When it comes to being environmentally friendly, those born between the early 1980s to early 2000s, otherwise known as Millennials, are talking a lot of talk without walking much of a walk, according to a recent study by DDB Worldwide.
Contrary to what many (especially young people) might think, those hailing from the Baby Boomer generation – their parents– are significantly more likely than Millennials to recycle. Some 66 percent of Boomers surveyed said they make an effort to recycle everything they possibly can, while only 53 percent of Millennials claimed to do so. Boomers also beat Millennials on separating the recyclables from the rest of the trash and reusing grocery bags.
While Boomers had the younger generation beat on recycling, more Millennials said they would “pay more for an environmentally-safe version of a product” (46 percent) than did Boomers (41 percent). Some 7 percent of Millennials also reported owning an electric car, compared with just 1 percent of Boomers.
But there is a lot more to “being green” than recycling and consumerism – what about overall environmental footprints?
In a 2011 study, demographer Emilio Zagheni reviewed nine energy-intensive categories of activity, including electricity, gasoline use and air travel, and found that as people age, they are responsible for more carbon dioxide emissions. This is due to the fact that they drive more and use more electricity.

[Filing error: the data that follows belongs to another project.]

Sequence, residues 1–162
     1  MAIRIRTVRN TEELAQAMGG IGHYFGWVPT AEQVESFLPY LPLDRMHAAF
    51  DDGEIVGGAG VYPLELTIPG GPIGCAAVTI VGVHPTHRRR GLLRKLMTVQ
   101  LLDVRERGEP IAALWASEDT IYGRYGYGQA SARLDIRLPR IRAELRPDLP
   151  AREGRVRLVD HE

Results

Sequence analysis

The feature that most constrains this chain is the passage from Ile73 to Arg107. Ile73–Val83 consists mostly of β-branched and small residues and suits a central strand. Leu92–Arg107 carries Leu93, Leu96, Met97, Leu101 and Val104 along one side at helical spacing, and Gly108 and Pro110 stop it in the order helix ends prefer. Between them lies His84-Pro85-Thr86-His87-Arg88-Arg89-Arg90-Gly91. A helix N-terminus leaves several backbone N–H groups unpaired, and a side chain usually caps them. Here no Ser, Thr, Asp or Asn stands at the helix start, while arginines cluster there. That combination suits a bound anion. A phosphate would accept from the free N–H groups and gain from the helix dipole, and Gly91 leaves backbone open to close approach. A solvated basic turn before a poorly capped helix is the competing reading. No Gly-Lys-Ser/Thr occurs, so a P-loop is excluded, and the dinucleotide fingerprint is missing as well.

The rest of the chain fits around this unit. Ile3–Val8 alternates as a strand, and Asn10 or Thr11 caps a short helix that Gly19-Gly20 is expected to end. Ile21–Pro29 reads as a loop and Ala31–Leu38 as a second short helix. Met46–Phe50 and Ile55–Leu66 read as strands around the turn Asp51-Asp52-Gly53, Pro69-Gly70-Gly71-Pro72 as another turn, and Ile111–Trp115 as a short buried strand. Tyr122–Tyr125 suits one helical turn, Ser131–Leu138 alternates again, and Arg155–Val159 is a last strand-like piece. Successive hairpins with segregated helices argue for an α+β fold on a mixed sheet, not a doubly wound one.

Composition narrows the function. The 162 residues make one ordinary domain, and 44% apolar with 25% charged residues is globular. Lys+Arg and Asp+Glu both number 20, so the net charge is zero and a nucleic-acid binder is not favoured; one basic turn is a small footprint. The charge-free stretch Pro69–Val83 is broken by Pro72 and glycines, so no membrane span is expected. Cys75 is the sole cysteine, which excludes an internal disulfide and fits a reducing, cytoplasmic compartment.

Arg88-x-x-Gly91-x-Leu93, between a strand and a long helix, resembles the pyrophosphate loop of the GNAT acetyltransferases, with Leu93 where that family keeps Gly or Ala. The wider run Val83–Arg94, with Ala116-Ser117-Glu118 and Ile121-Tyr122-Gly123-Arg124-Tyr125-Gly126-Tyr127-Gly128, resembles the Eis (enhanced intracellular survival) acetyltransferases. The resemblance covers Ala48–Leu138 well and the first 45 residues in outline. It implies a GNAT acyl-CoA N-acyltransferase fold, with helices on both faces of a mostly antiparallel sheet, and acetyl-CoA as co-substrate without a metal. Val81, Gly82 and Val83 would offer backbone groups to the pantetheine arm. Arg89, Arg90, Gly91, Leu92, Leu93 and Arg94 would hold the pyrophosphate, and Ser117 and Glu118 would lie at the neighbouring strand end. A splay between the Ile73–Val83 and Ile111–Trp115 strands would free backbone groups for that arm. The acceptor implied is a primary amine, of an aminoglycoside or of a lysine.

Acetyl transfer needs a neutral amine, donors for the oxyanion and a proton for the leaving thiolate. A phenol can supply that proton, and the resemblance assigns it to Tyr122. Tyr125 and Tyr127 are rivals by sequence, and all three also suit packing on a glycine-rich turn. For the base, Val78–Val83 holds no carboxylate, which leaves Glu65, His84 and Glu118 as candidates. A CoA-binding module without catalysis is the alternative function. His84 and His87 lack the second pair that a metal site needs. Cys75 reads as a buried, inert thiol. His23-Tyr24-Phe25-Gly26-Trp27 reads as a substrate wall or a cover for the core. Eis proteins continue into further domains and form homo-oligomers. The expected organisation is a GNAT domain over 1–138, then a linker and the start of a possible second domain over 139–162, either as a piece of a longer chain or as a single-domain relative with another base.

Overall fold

According to the study, as middle-aged people generally have higher incomes, they are more likely to take long-distance vacations, which means more energy expended and increased carbon footprints. Once people hit age 65, their carbon footprints tend to decrease, presumably due to more inactivity.
While Millennials may not be the greenest at home, their politics overwhelming lean in favor of sustainability. A 2011 Pew Research poll found that 71 percent of Millennials believe the U.S. energy policy should focus on developing alternative energy sources such as wind, solar and hydrogen technology.
Interestingly, the poll also found that most Millennials prefer to tackle global warming and other sustainability issues through individual initiative and grassroots action rather than a heavy-handed, top-down bureaucratic approach.
Today’s Boomers grew up during the country’s first environmental awakening, witnessing the first Earth Day in 1970 and the passing of the Clean Air Act and Clean Water Act in 1970 and 1972, respectively. While many of these issues went underground in the 1980s, they now have resurfaced due to the increasingly self-evident reality of climate change and environmental degradation.
Whether they like it or not, Millennials will face a future complicated by resource depletion, environmental decline and global warming-induced extreme weather events. Just as their grandparents earned recognition as the Greatest Generation, if Millennials rise to these challenges, they will be known by posterity as the Greenest Generation.